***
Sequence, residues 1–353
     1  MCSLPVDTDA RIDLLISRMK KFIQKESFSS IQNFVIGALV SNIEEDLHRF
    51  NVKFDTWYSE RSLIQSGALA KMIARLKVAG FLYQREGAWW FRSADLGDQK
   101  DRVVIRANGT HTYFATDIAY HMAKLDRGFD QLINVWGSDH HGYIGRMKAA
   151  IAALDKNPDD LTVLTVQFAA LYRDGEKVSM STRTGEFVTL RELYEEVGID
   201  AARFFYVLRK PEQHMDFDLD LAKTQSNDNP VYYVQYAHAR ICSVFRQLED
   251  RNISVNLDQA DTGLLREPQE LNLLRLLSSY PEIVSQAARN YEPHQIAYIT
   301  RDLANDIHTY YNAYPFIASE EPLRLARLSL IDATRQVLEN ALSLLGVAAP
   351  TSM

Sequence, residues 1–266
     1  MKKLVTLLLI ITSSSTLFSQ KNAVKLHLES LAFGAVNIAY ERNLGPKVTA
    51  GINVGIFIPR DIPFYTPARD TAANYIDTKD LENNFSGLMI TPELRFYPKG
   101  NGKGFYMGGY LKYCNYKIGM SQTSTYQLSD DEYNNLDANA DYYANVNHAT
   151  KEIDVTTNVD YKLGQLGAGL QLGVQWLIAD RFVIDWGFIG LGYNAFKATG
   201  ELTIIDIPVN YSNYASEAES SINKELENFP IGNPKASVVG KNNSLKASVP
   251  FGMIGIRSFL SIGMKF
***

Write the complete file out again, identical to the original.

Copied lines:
Sequence, residues 1–353
     1  MCSLPVDTDA RIDLLISRMK KFIQKESFSS IQNFVIGALV SNIEEDLHRF
    51  NVKFDTWYSE RSLIQSGALA KMIARLKVAG FLYQREGAWW FRSADLGDQK
   101  DRVVIRANGT HTYFATDIAY HMAKLDRGFD QLINVWGSDH HGYIGRMKAA
   151  IAALDKNPDD LTVLTVQFAA LYRDGEKVSM STRTGEFVTL RELYEEVGID
   201  AARFFYVLRK PEQHMDFDLD LAKTQSNDNP VYYVQYAHAR ICSVFRQLED
   251  RNISVNLDQA DTGLLREPQE LNLLRLLSSY PEIVSQAARN YEPHQIAYIT
   301  RDLANDIHTY YNAYPFIASE EPLRLARLSL IDATRQVLEN ALSLLGVAAP
   351  TSM

Sequence, residues 1–266
     1  MKKLVTLLLI ITSSSTLFSQ KNAVKLHLES LAFGAVNIAY ERNLGPKVTA
    51  GINVGIFIPR DIPFYTPARD TAANYIDTKD LENNFSGLMI TPELRFYPKG
   101  NGKGFYMGGY LKYCNYKIGM SQTSTYQLSD DEYNNLDANA DYYANVNHAT
   151  KEIDVTTNVD YKLGQLGAGL QLGVQWLIAD RFVIDWGFIG LGYNAFKATG
   201  ELTIIDIPVN YSNYASEAES SINKELENFP IGNPKASVVG KNNSLKASVP
   251  FGMIGIRSFL SIGMKF